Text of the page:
Listening to his constituents, as well as the local radio in Iglulik, Aggu MLA Paul Quassa heard the disturbing news that students were asked not to attend school due to a teacher shortage.

Aggu MLA Paul Quassa is pained to hear students can’t attend class in Iglulik due to a teacher shortage.
photo courtesy Nunavut Legislative Assembly

He said it was quite painful to hear, and he specified this was usually from Grade 6 upwards.

“This is what residents are hearing nowadays, and I believe this occurs not just in our community or alternatively, it could be due to being over-stressed that the teachers have to be sent out of our community. The grades no longer hold classes when the teachers leave,” said Quassa in the legislative assembly.

He asked Minister of Education David Joanasie about the current status.

Joanasie replied the teacher shortage is not just occurring in Nunavut, but nationally and globally, as well.

“Further, the teachers as well have personal issues that perhaps lead them to suddenly resign. Nonetheless, we try our utmost to retain teachers, especially to continue teaching those grades. Perhaps we can combine two grades, such as Grades 5 and 6, into one classroom or alternatively, other school staff or principals who act as substitute teachers, or even use learning coaches to temporarily act as teachers. We try to resolve the challenges we face,” said Joanasie.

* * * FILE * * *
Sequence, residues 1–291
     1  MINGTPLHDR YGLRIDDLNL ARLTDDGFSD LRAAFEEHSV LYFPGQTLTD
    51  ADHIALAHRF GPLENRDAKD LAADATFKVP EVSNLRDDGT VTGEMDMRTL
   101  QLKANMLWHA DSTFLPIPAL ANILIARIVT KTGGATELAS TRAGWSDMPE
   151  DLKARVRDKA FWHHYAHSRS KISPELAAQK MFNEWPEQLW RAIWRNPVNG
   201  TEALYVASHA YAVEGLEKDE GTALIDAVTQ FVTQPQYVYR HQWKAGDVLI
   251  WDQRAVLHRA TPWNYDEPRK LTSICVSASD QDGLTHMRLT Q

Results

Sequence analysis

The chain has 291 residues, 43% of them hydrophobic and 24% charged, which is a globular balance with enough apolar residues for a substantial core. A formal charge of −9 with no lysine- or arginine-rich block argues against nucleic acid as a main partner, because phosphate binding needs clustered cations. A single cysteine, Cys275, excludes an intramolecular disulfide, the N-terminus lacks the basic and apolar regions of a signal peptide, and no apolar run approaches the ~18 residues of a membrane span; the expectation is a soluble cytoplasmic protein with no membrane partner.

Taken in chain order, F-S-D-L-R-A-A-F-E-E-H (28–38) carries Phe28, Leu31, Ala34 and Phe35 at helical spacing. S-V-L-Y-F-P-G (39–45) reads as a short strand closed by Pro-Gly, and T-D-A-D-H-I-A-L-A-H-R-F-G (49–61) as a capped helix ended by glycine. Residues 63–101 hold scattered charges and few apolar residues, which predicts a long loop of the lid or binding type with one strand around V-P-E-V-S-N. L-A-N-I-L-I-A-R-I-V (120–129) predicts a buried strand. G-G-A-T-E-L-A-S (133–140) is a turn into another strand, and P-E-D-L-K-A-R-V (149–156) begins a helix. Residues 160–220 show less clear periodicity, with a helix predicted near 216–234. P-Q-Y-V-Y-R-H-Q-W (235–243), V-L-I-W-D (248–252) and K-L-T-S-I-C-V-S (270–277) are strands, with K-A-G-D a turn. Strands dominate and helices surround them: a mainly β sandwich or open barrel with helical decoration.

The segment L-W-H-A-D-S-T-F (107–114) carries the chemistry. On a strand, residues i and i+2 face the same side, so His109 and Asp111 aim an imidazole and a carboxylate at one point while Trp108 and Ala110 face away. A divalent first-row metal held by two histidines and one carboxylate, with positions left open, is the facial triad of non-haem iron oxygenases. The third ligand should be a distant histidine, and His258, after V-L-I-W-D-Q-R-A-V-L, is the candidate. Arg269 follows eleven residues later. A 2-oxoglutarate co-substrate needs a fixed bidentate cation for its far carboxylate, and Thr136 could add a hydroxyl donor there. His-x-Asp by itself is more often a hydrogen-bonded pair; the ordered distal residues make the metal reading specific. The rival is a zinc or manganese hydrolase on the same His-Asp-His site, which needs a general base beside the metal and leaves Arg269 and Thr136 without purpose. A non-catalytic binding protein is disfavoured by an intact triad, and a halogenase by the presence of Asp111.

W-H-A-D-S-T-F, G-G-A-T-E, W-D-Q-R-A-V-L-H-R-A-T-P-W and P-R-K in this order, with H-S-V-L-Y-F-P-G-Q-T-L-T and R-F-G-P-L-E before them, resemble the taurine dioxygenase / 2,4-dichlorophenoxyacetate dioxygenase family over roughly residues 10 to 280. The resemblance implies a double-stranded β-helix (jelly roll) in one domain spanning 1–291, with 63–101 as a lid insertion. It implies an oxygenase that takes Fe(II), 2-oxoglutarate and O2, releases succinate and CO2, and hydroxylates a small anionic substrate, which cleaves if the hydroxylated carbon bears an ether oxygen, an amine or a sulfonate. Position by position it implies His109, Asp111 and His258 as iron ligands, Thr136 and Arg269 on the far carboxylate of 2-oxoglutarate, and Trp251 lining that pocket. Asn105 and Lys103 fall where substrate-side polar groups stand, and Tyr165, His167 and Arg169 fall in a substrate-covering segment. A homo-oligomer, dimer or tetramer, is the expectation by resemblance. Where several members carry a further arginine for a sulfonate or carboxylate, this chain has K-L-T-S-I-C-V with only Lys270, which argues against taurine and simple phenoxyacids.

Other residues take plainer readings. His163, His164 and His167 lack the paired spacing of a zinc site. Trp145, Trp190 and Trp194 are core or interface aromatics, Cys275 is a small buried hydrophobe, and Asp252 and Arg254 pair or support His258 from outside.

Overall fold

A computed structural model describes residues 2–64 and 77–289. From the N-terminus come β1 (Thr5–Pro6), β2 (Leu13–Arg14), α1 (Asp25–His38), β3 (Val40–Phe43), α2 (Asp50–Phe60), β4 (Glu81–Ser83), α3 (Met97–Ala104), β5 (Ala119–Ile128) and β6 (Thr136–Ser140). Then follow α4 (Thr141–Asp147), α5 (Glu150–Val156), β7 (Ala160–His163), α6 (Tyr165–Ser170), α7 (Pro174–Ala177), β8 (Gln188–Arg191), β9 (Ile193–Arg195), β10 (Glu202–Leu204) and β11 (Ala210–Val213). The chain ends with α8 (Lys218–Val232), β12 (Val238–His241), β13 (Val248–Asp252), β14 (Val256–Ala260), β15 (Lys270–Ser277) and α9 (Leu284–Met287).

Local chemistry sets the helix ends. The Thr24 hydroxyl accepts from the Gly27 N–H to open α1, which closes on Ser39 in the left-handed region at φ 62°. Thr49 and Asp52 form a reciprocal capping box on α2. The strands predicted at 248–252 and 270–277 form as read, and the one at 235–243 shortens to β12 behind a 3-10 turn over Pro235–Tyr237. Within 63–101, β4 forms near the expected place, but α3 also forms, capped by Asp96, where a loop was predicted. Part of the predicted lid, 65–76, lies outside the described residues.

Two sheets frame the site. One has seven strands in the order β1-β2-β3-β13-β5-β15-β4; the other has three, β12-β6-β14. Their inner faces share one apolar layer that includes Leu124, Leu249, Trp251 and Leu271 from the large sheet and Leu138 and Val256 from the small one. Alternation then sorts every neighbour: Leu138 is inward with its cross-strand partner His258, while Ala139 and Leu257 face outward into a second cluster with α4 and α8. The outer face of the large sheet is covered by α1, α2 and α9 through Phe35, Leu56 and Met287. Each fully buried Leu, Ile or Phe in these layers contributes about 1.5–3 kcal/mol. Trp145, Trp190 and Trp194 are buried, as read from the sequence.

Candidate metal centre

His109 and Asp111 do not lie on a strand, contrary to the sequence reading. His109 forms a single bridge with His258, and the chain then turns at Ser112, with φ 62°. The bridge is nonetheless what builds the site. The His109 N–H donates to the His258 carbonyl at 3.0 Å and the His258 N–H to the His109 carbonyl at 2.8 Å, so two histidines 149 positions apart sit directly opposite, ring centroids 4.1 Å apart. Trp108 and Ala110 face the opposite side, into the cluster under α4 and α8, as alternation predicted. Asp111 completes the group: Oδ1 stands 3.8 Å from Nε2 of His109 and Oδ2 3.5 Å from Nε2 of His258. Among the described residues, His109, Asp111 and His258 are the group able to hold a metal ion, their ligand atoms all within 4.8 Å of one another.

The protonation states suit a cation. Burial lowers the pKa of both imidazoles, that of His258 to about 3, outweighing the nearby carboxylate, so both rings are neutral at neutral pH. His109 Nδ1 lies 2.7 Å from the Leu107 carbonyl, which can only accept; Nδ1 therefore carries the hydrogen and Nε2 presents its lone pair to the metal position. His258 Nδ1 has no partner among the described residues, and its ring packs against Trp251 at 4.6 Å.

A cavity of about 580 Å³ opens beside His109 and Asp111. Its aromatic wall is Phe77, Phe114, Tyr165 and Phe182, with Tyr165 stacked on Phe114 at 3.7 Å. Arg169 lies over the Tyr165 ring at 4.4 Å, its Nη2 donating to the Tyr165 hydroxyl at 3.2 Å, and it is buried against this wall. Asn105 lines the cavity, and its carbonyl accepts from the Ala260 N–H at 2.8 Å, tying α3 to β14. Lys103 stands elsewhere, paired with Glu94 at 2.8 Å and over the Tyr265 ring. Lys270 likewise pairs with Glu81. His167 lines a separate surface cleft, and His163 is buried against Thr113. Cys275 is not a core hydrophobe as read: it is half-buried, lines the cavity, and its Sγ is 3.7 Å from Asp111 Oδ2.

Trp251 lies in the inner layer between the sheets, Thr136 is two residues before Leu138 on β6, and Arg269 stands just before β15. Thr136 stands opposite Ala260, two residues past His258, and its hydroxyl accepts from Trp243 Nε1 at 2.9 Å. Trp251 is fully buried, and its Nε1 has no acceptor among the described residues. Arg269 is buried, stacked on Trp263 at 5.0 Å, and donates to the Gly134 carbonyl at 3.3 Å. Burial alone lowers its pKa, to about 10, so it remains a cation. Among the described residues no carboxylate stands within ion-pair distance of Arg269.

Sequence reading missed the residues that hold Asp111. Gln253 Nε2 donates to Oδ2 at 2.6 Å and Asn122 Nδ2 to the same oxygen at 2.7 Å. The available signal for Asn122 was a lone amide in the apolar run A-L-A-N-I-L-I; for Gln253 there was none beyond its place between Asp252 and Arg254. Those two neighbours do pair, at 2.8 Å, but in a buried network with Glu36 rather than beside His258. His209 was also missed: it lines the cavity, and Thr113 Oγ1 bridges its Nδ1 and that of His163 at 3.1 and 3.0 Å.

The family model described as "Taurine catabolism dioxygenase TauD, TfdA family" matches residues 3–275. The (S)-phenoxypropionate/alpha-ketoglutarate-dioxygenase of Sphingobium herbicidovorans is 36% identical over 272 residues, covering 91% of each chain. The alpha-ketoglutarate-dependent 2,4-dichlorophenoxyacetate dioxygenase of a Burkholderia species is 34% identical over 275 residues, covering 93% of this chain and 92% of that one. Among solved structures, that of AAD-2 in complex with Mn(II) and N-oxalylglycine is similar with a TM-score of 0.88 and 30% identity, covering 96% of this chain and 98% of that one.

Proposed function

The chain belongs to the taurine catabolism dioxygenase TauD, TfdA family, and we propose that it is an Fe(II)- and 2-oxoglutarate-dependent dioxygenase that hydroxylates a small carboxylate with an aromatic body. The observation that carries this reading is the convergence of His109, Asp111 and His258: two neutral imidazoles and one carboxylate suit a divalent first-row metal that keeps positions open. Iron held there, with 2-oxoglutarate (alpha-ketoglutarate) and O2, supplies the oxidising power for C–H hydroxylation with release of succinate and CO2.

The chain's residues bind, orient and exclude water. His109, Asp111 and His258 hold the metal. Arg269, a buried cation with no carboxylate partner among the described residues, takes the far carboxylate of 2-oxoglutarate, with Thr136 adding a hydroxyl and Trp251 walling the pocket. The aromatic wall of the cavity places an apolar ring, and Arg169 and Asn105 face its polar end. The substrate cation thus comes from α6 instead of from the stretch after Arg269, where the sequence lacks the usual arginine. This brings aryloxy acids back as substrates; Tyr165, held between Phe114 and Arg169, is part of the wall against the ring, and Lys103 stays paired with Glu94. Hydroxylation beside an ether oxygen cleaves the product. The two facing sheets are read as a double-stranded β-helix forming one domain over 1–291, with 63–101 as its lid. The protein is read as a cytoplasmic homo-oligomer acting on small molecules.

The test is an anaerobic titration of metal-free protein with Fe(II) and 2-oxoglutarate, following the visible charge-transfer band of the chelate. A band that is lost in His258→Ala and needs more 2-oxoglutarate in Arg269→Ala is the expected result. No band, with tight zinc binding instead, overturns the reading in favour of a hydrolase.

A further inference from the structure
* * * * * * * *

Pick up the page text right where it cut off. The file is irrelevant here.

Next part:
The minister also noted the shortage at the beginning of the 2018 school year, and his department doesn’t want to face that again in the fall of  2019.

“Throughout the entire year, we are actively recruiting teachers to ensure we have replacements if any schools face a shortage in our regions or communities,” he said, adding the Nunavut Teacher Education Program currently has 85 students with an anticipated 21 graduates this spring.

“Further, we have already sent out invitations to the graduates encouraging them to apply for the Department of Education’s teaching positions, to submit their resumes,” said Joanasie.

Joanasie also sent out the message to Nunavut residents that education is an extremely important priority.

“If they are capable of speaking in Inuktitut, and in light of the students who will be graduating high school with Grade 12 along with students from the Nunavut Arctic College, please provide proper services, as we want to see that and please submit your names to our department,” he said.

Quassa said he hopes the review of the Education Act will include resolutions towards fixing the teacher shortage.

The first reading of Bill 25, An Act to Amend the Education Act and the Inuit Language Protection Act is scheduled for June 4.

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